Want to take a masters or a professional course but can’t afford the fees?
2nd July 2015
Studying for a masters or professional qualification can boost your career prospects, help you gain in-depth subject knowledge or change career direction. But the opportunity for further study often comes with a hefty price tag. So how can you finance your future if you don't have a big bank balance?
|What is a masters degree?
When you start university you study for a first degree, usually known as a bachelors degree, which takes around three years.
On finishing your studies you become a graduate. If you wish to continue at university there are a number of further (post-graduate) courses you can take – a masters degree is a popular option.
Masters degrees offer the opportunity for further study and research. They usually take around a year full-time to complete. Students need to have a first degree in order to be accepted onto a masters programme.
It’s often said that successful businesses solve someone else’s problem. Back in 2012 Juan Guerra took this idea one step further, and started a business helping others overcome the hurdle he had encountered himself of funding his further studies. The result was StudentFunder, a scheme which provides loans to people pursuing professional or postgraduate courses in the UK, which are not financed by the government or banks.
StudentFunder has now provided over 50 loans to students studying masters and other professional courses, in subjects ranging from business administration and aerospace engineering, to international development, screenwriting, and public health.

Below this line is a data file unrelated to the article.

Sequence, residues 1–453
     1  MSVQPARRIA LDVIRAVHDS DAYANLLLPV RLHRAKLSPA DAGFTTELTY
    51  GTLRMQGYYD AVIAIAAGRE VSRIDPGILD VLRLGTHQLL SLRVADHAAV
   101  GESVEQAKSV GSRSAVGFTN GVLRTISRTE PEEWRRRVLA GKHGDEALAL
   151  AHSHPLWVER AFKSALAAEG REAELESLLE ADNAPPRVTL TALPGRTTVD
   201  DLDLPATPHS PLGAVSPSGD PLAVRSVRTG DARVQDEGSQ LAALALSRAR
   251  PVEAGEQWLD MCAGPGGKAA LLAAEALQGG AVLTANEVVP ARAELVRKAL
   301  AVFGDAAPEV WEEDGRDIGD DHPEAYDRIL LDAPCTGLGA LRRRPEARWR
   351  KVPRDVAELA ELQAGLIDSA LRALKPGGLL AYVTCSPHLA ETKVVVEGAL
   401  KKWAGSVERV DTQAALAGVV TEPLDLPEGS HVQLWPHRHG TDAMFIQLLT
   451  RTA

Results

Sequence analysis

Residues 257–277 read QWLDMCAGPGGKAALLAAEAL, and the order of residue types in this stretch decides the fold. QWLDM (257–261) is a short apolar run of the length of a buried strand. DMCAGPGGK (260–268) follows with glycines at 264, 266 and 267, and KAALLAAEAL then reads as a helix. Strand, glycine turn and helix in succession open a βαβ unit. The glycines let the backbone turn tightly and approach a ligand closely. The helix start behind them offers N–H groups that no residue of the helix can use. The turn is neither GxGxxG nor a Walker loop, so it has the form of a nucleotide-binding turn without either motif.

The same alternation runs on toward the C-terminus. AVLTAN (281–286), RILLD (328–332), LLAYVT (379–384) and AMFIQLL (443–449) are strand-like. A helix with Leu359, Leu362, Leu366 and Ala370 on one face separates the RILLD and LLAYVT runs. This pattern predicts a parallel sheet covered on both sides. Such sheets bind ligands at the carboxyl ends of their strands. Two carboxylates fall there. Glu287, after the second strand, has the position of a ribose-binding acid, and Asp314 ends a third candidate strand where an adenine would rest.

How it works
Students apply for loans via StudentFunder and, if the application is successful, StudentFunder pays tuition directly to the course provider and living expenses into the student’s account.
In turn, StudentFunder is financed by a mix of investors including private individuals, foundations, and a corporate backer, who all like the idea of supporting something worthwhile.
Watch software developer Mario’s story:
And hear from cultural studies PhD student Gitanjali:
When StudentFunder started out it helped students raise money through a crowdfunding platform which was also open to PhD students. It now only provides loans for masters and professional qualifications. StudentFunder’s activities are regulated in the UK by the Financial Conduct Authority (FCA).
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